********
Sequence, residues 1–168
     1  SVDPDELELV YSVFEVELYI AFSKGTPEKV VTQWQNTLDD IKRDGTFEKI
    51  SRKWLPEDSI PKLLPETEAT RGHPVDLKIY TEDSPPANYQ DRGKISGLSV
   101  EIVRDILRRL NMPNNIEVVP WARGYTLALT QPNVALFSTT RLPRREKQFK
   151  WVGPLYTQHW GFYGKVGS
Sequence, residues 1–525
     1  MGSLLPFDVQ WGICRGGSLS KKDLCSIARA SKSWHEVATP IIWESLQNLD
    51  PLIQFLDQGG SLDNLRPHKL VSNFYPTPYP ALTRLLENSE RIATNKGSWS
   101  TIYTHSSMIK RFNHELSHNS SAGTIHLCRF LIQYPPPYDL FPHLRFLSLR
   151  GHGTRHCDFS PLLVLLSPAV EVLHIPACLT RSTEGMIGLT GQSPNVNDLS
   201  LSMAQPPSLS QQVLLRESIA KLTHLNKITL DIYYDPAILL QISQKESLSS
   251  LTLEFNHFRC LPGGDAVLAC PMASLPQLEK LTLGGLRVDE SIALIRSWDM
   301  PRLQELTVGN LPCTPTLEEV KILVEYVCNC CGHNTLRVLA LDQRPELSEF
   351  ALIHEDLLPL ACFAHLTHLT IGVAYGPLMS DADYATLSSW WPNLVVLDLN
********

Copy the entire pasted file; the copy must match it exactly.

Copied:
Sequence, residues 1–168
     1  SVDPDELELV YSVFEVELYI AFSKGTPEKV VTQWQNTLDD IKRDGTFEKI
    51  SRKWLPEDSI PKLLPETEAT RGHPVDLKIY TEDSPPANYQ DRGKISGLSV
   101  EIVRDILRRL NMPNNIEVVP WARGYTLALT QPNVALFSTT RLPRREKQFK
   151  WVGPLYTQHW GFYGKVGS
Sequence, residues 1–525
     1  MGSLLPFDVQ WGICRGGSLS KKDLCSIARA SKSWHEVATP IIWESLQNLD
    51  PLIQFLDQGG SLDNLRPHKL VSNFYPTPYP ALTRLLENSE RIATNKGSWS
   101  TIYTHSSMIK RFNHELSHNS SAGTIHLCRF LIQYPPPYDL FPHLRFLSLR
   151  GHGTRHCDFS PLLVLLSPAV EVLHIPACLT RSTEGMIGLT GQSPNVNDLS
   201  LSMAQPPSLS QQVLLRESIA KLTHLNKITL DIYYDPAILL QISQKESLSS
   251  LTLEFNHFRC LPGGDAVLAC PMASLPQLEK LTLGGLRVDE SIALIRSWDM
   301  PRLQELTVGN LPCTPTLEEV KILVEYVCNC CGHNTLRVLA LDQRPELSEF
   351  ALIHEDLLPL ACFAHLTHLT IGVAYGPLMS DADYATLSSW WPNLVVLDLN